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The article provides a outlook on the preamble, the constitution in India, the unique features of the constitution, fundamental rights and duties and directive principles of state policy.

Indian Constitution

The term preamble refers to preface, preliminary statement or introduction. In the Indian Constitution, the Preamble deals with the aims and objectives, the targets and ideals and the basis and foundation of the Indian Constitution. It is correlated with the Objective Resolution passed by the Constituent Assembly on January 22, 1947.

The preamble states that "We, the People Of India, have solemnly resolved to constitute India into a Sovereign, Socialist, Secular, Democratic Republic and to ensure to all its citizens: Justice-social, economic and political; Liberty of thought, expression, belief, faith and worship; Equality of status and of opportunity; and to promote among them all Fraternity assuring the dignity of the individual and the unity and integrity of the Nation.

Indian Constitution

Significant Features
The significant features of the Indian Constitution are of two types. There are some features which exist only in the Indian constitution, while there are other features which even though can exist in other Constitution, are distinctively important.

Unique Features

Framed By The People Of India
The Constitution has been framed by the representatives of the people of India through a Constitution Assembly during 1946-49.

Derived From Various Sources
It has been derived from various sources. The various provisions derived are Fundamental Rights and Supreme Court from the USA, Directive Principles Of State Policy from Ireland, Emergency from Germany, Distribution of Legislative powers from Canada and Parliamentary Institutions from United Kingdom.

Sovereignty Of The People
The Constitution propagates the people of India to be the supreme authority. It means the people of India are not secondary to any other external agency.

Republican Polity
The Constitution proclaims India to be a republic.

Secular Polity
The Constitution declares India as a secular nation. It clearly specifies there should not be any discrimination on the basis of religion and all religion should be treated equally.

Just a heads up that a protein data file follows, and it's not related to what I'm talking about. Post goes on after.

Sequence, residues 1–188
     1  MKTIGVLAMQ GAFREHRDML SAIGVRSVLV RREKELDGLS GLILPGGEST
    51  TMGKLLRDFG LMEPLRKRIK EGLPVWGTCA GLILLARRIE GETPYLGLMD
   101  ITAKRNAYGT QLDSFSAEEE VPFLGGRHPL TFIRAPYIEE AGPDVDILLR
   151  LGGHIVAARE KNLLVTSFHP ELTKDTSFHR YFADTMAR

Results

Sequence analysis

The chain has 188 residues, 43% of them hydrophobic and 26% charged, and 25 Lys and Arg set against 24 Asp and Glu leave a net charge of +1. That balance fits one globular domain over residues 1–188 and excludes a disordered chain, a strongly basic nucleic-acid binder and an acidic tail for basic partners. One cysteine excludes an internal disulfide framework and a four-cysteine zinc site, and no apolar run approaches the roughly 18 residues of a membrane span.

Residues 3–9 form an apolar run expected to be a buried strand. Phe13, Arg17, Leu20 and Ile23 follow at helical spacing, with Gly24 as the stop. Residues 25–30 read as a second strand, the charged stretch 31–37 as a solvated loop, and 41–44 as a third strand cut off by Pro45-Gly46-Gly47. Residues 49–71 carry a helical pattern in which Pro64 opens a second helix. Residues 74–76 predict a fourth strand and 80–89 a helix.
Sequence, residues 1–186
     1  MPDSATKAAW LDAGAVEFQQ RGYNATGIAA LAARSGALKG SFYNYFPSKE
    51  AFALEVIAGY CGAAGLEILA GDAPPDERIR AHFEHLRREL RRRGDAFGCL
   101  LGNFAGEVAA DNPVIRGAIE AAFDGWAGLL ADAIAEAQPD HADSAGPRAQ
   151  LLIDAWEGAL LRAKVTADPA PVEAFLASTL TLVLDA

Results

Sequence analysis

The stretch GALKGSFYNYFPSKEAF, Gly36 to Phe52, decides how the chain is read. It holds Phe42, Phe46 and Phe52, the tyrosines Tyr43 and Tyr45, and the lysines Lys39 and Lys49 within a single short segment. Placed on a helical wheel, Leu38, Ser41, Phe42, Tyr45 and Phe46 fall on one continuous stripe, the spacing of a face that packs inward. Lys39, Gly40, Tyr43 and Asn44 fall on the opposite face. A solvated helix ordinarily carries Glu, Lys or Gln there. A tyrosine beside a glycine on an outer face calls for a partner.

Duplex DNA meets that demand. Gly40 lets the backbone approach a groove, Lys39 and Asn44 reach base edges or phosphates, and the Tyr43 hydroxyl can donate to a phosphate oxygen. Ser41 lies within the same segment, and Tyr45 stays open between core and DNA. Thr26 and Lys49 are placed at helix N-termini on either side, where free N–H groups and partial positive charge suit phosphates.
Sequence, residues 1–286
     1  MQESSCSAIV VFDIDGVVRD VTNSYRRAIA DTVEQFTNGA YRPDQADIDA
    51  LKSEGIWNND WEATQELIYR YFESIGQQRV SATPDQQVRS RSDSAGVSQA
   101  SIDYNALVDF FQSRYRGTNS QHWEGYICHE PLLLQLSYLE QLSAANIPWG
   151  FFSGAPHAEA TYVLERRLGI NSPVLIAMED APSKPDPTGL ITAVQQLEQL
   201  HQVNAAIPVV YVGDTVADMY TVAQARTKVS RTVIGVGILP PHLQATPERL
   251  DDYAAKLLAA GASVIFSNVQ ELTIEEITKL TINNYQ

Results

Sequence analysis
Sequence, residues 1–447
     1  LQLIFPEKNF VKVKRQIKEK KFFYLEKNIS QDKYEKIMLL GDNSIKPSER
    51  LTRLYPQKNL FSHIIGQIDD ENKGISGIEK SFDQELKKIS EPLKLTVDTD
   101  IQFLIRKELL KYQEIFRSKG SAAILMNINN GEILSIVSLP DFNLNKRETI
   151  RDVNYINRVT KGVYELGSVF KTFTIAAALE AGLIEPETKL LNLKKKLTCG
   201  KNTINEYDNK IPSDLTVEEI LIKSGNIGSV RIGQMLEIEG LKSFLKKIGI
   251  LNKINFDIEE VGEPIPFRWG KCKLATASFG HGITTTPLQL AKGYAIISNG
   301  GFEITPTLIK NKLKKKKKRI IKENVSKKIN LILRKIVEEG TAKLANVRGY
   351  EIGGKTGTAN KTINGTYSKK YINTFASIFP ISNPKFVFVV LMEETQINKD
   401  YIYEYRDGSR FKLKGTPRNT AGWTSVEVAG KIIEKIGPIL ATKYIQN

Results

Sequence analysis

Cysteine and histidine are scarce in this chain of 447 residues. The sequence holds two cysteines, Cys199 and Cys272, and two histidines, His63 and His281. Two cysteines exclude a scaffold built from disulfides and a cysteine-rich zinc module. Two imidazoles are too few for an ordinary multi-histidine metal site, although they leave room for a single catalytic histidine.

Fundamental Rights And Duties
The Constitution provides for Fundamental rights and duties. The fundamental duties were included into the constitution through an amendment in 1976.

Other Features

Comprehensive Document
The Constitution is a comprehensive document with 395 articles and twelve schedules.

Parliamentary Democracy
It advocates India to have a Parliamentary form of government. In parliamentary democracy, members are selected b the way of elections.

Federal Form Of Polity
It advocates a federal form of government. But even after the setting up of a federal form of government, some critics have expressed dissatisfaction, calling it a Unitary Constitution.

Fundamental Rights
  • Right to Equality
  • Right to Freedom
  • Right against Exploitation
  • Right to Freedom of Religion
  • Cultural and Educational Right
  • Right to Constitutional Remedies
  • Saving of Certain Laws
Fundamental Duties
  • To abide by the Constitution and respect its ideals and institutions, the National Flag and the National Anthem
  • To cherish and follow the noble ideas which inspired our national struggle for freedom.
  • To uphold and protect the sovereignty, unity and integrity of India.
  • To defend the country and render national service when called upon to do so.
  • To promote harmony and the spirit of common brotherhood amongst all the people of India transcending religious, linguistic and regional or sectional diversities; to renounce practices derogatory to the dignity of women.
  • To value and preserve the rich heritage of our composite culture.
  • To protect and improve the natural environment including forests, lakes, rivers and wild life, and to have compassion for living creatures.
  • To develop the scientific temper, humanism and the spirit of enquiry and reform
  • To safeguard public property and to abjure violence
  • To strive towards excellence in all spheres of individual and collective activity, so that the nation constantly rises to higher levels of endeavor and achievement.
Directive Principles of State Policy
  • State to secure a social order for the promotion of welfare of the people.
  • Certain principles of policy to be followed by the state.
  • Organization of village panchayats.
  • Right to work, to education and to public assistance in certain cases.
  • Provision for just and humane conditions of work and maternity relief.
  • Living wage, etc., for workers.
  • Uniform civil code for the citizens.
  • Provision of free and compulsory education for children.
  • Promotion of education and economic interests of Scheduled Castes, Scheduled Tribes and other weaker sections.
  • Duty of the State to raise the level of nutrition and the standard of living and to improve public health;
  • Organization of agriculture and animal husbandry.
  • Protection and improvement of environment and safeguarding of forests and wild life.
  • Protection of monuments and places and objects of national importance.
  • Separation of judiciary from executive.
  • Promotion of international peace and security.

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